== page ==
Also, I think you're thinking too limited...I think if this were perfected, and the physical technology put in place, most people will opt to look like Tom Hanks (or someone else as famous and attractive) than to look like themselves.

It makes you wonder about whether one day there will be a law against looking like Tom Hanks, or any celebrity. It would end up making crimes difficult to solve when the suspect is identified as Tom Hanks!

Never seen it, but woah. You're right.

This is a killer app for VR. Imagine creating your Oculus avatar from your Facebook selfie collection.

Top comment on YouTube: "This is going to revolutionize the Tom Hanks porn industry."

i don't get the W vs Obama split screen. The voice was changed slightly to sound like neither individuals... The Obama 3D face fails horribly when it tried to snicker a little bit... This is slightly better than FallOut 4 quality facial animation.

I think the point is the assembling of random photos/videos into a convincing representation of textures and animation (without devoted hardware, bringing the person in for a scan, etc), not that 'this is bleeding edge visuals'.

I think Obama just never makes that face so it looked really weird.

> The voice was changed slightly to sound like neither individuals

I think the audio is just low quality. It wouldn't make any sense for them to do that.

I think part of the effect is that they create a texture from photos - today's top games don't do this, they scan and model the face, so it looks higher-fidelity but less realistic (while this is very low fidelity). Mafia 1 used a similar technique to achieve really nice results, given how low-poly the models were back then.

Very amazing results and fantastic work! I noticed that all the examples are all front faces with at most 20 to 30 degree angel, but no profiles. I haven't read the paper, but does this mean it only reconstructs a 2D texture but not the 3D structure?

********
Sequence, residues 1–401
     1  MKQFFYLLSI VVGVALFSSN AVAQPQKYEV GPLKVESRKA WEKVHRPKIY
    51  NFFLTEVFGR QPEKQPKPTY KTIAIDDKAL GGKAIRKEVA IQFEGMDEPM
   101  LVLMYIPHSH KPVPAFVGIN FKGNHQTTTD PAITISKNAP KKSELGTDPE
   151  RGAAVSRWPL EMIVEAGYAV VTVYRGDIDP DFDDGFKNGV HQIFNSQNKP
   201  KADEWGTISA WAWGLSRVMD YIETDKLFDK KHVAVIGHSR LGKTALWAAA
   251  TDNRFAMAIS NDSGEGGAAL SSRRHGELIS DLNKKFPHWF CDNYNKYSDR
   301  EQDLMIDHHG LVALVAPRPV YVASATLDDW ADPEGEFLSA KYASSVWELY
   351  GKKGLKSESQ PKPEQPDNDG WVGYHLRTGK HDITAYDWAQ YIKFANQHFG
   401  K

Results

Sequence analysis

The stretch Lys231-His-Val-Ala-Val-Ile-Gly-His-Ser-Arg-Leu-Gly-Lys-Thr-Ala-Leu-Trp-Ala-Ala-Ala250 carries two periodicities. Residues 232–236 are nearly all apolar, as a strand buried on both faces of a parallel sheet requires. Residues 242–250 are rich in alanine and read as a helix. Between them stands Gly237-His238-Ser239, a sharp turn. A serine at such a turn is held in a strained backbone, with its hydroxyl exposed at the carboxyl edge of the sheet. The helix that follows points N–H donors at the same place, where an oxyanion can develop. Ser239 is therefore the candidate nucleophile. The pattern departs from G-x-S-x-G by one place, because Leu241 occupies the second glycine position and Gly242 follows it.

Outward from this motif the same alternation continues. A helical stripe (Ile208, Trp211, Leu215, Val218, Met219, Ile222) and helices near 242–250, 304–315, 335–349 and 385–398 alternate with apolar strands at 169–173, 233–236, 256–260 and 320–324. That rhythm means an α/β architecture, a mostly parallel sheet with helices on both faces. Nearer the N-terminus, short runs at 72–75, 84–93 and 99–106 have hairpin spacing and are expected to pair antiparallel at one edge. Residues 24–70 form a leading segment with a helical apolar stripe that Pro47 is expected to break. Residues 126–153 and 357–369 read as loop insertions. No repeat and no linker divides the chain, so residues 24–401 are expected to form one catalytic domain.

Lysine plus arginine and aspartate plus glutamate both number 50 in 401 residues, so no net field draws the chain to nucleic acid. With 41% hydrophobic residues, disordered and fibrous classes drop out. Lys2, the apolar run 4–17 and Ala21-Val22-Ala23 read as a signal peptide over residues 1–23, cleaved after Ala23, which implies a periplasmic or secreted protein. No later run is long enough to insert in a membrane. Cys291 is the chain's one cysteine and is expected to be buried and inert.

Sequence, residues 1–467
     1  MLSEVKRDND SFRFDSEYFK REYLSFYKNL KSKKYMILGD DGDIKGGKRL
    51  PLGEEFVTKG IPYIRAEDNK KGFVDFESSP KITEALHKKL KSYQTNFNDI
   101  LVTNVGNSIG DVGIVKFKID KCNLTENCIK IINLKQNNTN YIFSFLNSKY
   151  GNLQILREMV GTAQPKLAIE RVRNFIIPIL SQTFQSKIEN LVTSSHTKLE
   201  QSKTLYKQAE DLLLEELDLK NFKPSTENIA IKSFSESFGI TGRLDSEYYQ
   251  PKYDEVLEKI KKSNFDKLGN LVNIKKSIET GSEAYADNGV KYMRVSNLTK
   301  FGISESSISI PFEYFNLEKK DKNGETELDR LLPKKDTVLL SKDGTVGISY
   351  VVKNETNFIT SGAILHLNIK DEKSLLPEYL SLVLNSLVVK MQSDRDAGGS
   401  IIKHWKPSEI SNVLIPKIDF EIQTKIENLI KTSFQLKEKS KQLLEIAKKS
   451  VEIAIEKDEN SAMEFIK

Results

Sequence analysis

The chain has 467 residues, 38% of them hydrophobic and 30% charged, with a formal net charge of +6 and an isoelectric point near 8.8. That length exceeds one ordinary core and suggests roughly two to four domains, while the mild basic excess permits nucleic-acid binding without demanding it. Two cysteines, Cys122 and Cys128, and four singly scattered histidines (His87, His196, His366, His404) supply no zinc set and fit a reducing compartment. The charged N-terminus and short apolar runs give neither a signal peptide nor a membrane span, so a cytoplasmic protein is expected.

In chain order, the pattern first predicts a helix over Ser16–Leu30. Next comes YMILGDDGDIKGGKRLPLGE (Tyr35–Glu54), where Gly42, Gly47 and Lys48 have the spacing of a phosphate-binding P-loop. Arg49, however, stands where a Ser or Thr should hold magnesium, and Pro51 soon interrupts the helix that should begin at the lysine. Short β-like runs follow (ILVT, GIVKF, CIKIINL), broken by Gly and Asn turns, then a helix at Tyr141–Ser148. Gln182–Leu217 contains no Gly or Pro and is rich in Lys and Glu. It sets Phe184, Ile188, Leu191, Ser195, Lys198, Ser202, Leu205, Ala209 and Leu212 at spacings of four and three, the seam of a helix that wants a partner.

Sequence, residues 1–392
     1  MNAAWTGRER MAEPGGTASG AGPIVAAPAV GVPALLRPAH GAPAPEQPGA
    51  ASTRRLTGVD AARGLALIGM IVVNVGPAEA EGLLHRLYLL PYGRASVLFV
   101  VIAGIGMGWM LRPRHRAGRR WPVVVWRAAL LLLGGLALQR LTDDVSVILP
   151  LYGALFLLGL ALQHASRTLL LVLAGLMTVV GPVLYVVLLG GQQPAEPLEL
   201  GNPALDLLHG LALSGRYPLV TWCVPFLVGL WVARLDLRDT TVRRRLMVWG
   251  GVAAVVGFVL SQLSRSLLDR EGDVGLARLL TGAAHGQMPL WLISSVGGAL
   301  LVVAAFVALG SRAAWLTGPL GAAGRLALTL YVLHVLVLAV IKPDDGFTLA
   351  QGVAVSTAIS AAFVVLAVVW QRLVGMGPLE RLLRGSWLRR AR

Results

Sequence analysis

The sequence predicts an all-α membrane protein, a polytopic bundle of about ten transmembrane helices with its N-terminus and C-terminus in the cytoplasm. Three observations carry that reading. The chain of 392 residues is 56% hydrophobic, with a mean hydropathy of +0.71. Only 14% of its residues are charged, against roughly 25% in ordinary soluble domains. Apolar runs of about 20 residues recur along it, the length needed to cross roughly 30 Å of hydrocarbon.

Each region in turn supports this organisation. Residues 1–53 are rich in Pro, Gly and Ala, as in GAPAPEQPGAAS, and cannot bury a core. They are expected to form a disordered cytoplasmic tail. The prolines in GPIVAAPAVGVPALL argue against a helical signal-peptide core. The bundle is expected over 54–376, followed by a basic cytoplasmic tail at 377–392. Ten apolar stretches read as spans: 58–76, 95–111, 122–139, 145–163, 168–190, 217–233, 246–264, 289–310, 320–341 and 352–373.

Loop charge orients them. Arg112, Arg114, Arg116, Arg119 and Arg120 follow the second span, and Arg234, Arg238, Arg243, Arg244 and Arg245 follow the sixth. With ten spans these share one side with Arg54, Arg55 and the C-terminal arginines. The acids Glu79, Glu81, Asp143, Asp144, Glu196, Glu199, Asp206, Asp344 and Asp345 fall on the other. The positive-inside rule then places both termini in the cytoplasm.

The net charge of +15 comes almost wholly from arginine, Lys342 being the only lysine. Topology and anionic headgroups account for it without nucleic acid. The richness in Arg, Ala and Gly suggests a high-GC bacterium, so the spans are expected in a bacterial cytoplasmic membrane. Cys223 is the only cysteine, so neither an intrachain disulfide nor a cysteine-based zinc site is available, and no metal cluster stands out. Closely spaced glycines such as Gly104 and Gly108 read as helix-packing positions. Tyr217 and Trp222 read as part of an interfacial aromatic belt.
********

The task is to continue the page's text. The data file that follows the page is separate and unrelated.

Funny that they seem to have switched the paper's title and figures from Kevin Spacey to Tom Hanks http://arxiv.org/abs/1506.00752

I talked to the author about this - apparently Kevin Spacey's lawyers asked them to change it.

I'm not a lawyer but I would guess that there is no reason they need to change it. As long as they're not profiting from the likenesses of the celebrities they're emulating, then the paper is likely to be considered free speech that does not violate their privacy or publicity rights. See the legality of fair-use of someone's likeness. Some states might have different laws.

I can imagine why - seems this will be an interesting legal/ethical question for our society in the next decade.

Real question : Is it really "amazing", "hyper-realistic" ?

I have some kind of prosopagnosia, I recognise people in video but I absolutely don't recognise modelled faces, its just looks like lo-poly models on Nintendo 64 for me.

Perhaps because the people in the video are only floating faces without a skull, neck, or hair?


Does this mean that we finally will have (hyper)realistic faces for the FIFA video game series?

The faces in the FIFA video games are already rendered with much more detail than this. This paper is not about detail but about "reconstruct[ing] a controllable model of a person from a large photo collection that captures his or her persona". It is a very specific technique to get to a realistic interactive facial model, not one to get to a very detailed realistic interactive facial model.

how long before this can be done with the voice as well?

You might find the first answer interesting here: http://dsp.stackexchange.com/questions/7833/how-to-mimic-cop...

Looks like there's some interesting research on Voice Conversion out there, but I'm not knowledgeable enough to comment on how close we are to seeing it as an actual product. This pdf (from 10 years ago) seems interesting, though. Hmmm: http://nlp.lsi.upc.edu/papers/thesis_helenca.pdf

There's a Scottish company that does something like this but it's boutique and requires a large corpus. They recreated Roger Ebert's voice after he lost his jaw but it was only possible because of his vast recorded collection of movie reviews to draw on for phonemes.